On Confidence Grids

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LEaD have a weekly Educational Technology drop-in session for academics or course office staff to have a space and some time to get support and/or advice without needing an appointment or a Service Now ticket. For us, it’s a great way to better understand some of the difficulties, challenges or questions that staff can have with using digital technologies in teaching and learning. For our staff, it means that there’s a regular day and time each week when they know that there’s someone they can ask that burning question of that they’ve not got round to tackling themselves, or which might benefit from another perspective on things.

Diana Marsland, a visiting lecturer in SMCSE, dropped by one of the sessions I was hosting recently, and presented me with a nice challenge to work on, related to Poll Everywhere. She was planning to use a poll in an introductory class with a new cohort of students that asked them to anonymously indicate their degree of confidence in a range of different areas related to university study – finding information online, academic referencing, giving presentations to groups, and so on. The intention was that she could use this to get an overview of where her new students were at regarding their perception of their own academic readiness. This would then help her to direct them towards the areas of academic learning support that were most beneficial to the class.

I asked how long she was intending to run the activity for. Ideally, within about five minutes, she replied. There were nine areas that she wanted to cover, and students would give themselves a number on a scale of zero to nine. I thought that it was a great idea – it would be a nice icebreaker for a new class, a great use of Poll Everywhere, and helpful in terms of making her fresh faces aware of what else was on offer to them to support them through their journey in extending their knowledge of Construction Management. However, I couldn’t see how she could fit everything that was in the one poll into the amount of time that she had allocated to it, whilst still making it meaningful for her students.

Looking at the question type palette within Poll Everywhere, there didn’t seem to be anything ready-made that she could use out of the box. This meant a bit of a rethink of the activity, and a simplification too. We ended up producing the below image, built in PowerPoint and exported as an image file. It was then uploaded to Poll Everywhere as a Clickable Image – one of the more flexible poll types available:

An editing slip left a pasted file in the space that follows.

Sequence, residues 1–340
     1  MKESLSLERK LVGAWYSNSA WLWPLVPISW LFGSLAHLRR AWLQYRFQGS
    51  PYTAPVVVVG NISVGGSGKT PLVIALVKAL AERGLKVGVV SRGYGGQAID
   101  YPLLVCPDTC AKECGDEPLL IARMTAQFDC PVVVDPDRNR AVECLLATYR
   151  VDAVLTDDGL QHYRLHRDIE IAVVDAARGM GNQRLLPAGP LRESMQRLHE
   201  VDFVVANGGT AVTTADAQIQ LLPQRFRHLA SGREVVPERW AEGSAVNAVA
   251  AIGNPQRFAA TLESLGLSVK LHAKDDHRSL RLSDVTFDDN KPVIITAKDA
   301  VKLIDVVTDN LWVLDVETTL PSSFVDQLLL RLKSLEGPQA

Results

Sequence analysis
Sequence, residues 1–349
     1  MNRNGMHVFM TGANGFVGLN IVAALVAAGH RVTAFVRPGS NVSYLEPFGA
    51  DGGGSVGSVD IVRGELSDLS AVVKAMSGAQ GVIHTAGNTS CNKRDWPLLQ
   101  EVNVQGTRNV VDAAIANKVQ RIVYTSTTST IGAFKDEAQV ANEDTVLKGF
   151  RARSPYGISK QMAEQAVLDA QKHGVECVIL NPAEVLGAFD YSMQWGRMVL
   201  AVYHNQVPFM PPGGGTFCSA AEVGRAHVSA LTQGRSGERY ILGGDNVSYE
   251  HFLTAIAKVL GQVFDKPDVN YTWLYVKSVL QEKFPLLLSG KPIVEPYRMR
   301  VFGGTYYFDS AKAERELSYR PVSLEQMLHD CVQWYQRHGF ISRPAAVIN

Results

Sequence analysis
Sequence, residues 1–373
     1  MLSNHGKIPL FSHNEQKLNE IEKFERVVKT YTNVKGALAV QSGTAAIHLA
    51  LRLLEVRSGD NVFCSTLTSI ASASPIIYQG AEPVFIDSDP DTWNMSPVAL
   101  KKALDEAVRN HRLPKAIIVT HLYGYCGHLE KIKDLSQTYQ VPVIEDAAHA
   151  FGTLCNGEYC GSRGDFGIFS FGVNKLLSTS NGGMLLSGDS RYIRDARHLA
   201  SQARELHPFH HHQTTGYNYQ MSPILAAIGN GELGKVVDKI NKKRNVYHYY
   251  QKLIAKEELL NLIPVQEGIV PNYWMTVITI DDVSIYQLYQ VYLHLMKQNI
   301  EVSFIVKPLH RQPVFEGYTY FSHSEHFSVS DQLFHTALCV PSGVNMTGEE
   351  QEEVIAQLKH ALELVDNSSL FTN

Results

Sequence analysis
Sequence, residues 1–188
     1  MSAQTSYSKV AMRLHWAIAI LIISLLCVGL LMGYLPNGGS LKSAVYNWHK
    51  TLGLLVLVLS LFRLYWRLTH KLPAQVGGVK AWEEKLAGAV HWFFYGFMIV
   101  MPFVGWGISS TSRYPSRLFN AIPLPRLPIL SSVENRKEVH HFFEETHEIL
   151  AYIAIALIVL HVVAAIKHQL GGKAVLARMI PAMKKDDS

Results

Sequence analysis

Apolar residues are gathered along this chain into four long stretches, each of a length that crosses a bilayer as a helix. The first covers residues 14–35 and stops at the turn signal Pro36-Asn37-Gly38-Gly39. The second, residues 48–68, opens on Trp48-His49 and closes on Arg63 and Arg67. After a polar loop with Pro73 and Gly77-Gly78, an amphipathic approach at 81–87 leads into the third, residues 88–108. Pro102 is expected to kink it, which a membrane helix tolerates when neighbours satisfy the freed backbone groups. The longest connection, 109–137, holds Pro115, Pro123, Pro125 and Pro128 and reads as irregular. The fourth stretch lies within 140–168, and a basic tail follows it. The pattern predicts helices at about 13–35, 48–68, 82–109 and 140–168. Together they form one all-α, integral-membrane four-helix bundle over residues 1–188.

'Study skills confidence grid'

‘Study skills confidence grid’

 

Rather than using a 0-9 scale, we went for Low, Medium and High in terms of levels of confidence. These were then reinforced with an emoji-type icon that I sourced from openclipart.org. We also reduced the number of options for them to vote on from nine to six. With the smaller scale, the emoji icons, and the reduced number of voting options, we applied a useful principle from information design of keeping an artefact simple in order to make it more usable.

With a Clickable Image, respondents simply tap or click on a location on their screen, which is then recorded as a marker on true poll. Diana’s ‘study skills confidence grid’ would then give her a ‘heatmap’ style visual indication of how perceived confidence in core study skills was distributed across her class. This would show her which areas her students were strongest in already, where they needed the most support, and therefore which support services within the university were most fitting to recommend her students to seek out. I’m looking forward to finding out how this resource went down in class!

What have you used Clickable Images for in teaching? Let us know in the comments below.

  • Right click on this image and choose ‘save as’ if you’d like to use this in a poll in your teaching, or download the ‘Study Skills Confidence Grid’ PowerPoint template to customise it for your own needs.
  • Tip: if your students are using a smartphone or tablet to respond to your poll rather than a laptop, this particular image is easier to interact with in landscape mode rather than portrait.
  • Further reading: this blog post describes using Clickable Images for tracking a discussion (in this case around learning spaces), and gives plenty of great tips on using this poll type.

LEaD Educational Technology drop-in: every Thursday, 13:30-15:00.

 

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